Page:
Seattle Police Chief: Cops can’t respond to “rapes, robberies and all sorts of violent acts” committed inside Autonomous Zone
06/16/2020 / By Arsenio Toledo / Comments
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Seattle Police Chief: Cops can’t respond to “rapes, robberies and all sorts of violent acts” committed inside Autonomous Zone

According to Carmen Best, chief of the Seattle Police Department (SPD), the existence of the Capitol Hill Autonomous Zone (CHAZ) has prevented the police from responding to 911 calls of “rapes, robberies and all sorts of violent acts” that have been occurring near Seattle’s East Precinct, which city officials abandoned.

“If that is your mother, your sister, your cousin, your neighbor’s kid that is being raped, robbed, assaulted or otherwise victimized, you’re not going to want to have to report that it took the police three times longer to get there to provide services for them,” said Chief Best in a speech made to East Precinct officers on Thursday.

Best said that response times to 911 calls in the East Precinct area have tripled from “just under five minutes to about 18 minutes” since the abandonment of the precinct on Monday afternoon and the subsequent establishment of the autonomous zone.

She also noted that it should never have been an option to abandon residents who live near the precinct, many of whom, according to her, belong to some of Seattle’s most marginalized communities. This is especially regrettable given the fact that Best and the SPD have been receiving reports of armed individuals in CHAZ serving as enforcers of the zone and that they “may be demanding payment from business owners in exchange for their protection.”

Furthermore, her office has also heard that these same armed individuals may be demanding identification from people who live in the area. (Related: Antifa releases list of demands after capturing 6 blocks of downtown Seattle.)

Best also mentioned how she believes most of the people in Seattle are very supportive of the SPD and its officers, even if they haven’t been as vocal about their support on social media as the anti-police mob.

“They and I will continue to have your backs,” she added.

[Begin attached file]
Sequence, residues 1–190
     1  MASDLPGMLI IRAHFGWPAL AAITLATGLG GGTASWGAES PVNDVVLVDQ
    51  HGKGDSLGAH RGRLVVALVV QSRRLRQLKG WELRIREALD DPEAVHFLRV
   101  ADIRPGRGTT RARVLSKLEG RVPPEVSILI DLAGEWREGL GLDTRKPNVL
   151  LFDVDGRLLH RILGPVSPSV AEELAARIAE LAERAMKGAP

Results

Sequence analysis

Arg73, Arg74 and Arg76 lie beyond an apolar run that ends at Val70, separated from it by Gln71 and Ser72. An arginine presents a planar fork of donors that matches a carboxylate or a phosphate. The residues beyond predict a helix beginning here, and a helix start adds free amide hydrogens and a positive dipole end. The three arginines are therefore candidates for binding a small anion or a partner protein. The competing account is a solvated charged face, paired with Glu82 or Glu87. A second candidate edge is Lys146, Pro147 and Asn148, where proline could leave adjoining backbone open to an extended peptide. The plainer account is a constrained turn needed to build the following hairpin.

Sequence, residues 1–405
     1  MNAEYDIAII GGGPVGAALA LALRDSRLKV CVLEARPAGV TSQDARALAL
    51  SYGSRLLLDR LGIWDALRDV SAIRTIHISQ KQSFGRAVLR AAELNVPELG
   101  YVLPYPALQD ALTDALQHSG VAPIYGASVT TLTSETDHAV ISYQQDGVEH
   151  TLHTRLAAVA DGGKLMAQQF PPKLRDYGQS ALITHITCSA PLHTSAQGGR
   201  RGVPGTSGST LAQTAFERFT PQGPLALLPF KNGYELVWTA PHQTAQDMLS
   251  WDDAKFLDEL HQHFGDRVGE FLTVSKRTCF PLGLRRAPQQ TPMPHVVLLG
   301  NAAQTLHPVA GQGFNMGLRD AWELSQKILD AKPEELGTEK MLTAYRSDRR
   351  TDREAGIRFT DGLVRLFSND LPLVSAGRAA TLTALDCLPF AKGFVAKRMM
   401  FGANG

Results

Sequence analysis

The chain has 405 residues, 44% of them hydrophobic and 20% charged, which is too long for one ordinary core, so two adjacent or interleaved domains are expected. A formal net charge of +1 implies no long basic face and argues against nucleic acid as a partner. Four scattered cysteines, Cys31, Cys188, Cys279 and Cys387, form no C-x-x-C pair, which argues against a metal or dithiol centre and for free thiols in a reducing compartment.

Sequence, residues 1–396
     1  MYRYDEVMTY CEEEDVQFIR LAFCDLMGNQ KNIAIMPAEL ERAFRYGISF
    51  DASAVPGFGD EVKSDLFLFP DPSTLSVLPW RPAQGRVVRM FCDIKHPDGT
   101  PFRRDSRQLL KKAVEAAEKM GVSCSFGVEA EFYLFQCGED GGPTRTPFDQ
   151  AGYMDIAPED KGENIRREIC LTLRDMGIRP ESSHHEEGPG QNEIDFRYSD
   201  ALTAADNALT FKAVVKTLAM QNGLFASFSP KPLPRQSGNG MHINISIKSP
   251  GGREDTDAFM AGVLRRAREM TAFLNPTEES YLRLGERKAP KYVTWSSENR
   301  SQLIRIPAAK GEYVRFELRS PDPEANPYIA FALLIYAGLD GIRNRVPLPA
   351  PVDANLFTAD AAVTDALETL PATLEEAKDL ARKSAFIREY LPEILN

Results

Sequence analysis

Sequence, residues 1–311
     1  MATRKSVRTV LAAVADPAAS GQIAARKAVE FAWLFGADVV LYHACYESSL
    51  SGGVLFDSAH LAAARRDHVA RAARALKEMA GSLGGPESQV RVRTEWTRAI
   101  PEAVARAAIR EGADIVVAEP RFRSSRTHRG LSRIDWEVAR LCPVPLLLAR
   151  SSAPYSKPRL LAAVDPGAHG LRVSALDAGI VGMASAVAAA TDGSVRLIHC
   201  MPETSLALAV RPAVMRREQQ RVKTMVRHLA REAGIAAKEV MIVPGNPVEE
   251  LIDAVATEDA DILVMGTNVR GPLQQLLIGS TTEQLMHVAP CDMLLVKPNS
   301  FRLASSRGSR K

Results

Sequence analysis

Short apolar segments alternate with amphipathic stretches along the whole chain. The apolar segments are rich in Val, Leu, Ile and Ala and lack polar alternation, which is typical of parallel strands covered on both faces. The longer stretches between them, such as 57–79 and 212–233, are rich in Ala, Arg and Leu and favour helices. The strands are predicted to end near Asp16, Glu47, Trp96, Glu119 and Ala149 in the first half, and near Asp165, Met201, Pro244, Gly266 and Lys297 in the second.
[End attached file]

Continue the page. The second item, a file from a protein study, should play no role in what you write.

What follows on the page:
Police chief at odds with Seattle mayor over CHAZ

Best has recently been at odds with Mayor Jenny Durkan. In a press conference with the chief of police, Durkan said that the illegal occupants of the Capitol Hill neighborhood were engaging in an act of “patriotism.” This completely flies in the face of the fact that the rioters have been fighting with the SPD over control of the area since the beginning of the engineered riots.

Best explained to reporters that the city ordered the evacuation of the precinct after Durkan and other officials received reports that the building could be burned down by rioters.

However, in a separate interview, the chief of police clarified that the SPD did not, in fact, “abandon” the precinct and that the removal of personnel from the area was only temporary due to security concerns. She further said that her office was working to get police officers back into the precinct.

Best says that the correct approach to reoccupying the East Precinct would be to take it “methodically.” Both Best, Durkan and some SPD officers were able to visit the East Precinct; however, the SPD has yet to fully move its personnel back into the building.

Best has been critical of Durkan’s policies concerning CHAZ. She has gone on record saying that it feels like an insult to Seattle’s police officers and to the community that the East Precinct was abandoned after nearly two weeks of protecting the area from rioters. But, ultimately, Best said that the city had relented to public pressure.

In an interview, Mayor Durkan was unable to say when the armed occupation of parts of her city might end. She said that this weird period of Seattle’s history may turn into “Summer of Love,” and that CHAZ has a “block party atmosphere” to it. She has also denied calling the occupation of the Capitol Hill neighborhood “an armed takeover.”

Durkan has further stated that CHAZ presents “no threat” to the public of Seattle.

Other members of Seattle’s police force have criticized the city’s decision to leave the precinct and to allow the establishment of CHAZ. Michael Solan, head of Seattle’s police union, called the decision “the closest I’ve seen to our country becoming a lawless state.”

Since the beginning of the George Floyd engineered riots, the neighborhood surrounding the East Precinct had become a hotbed of violent confrontations between rioters and police officers. Officers have been forced to use flash-bang grenades, pepper spray and tear gas to disperse violent protesters that have assaulted them with projectile weapons.

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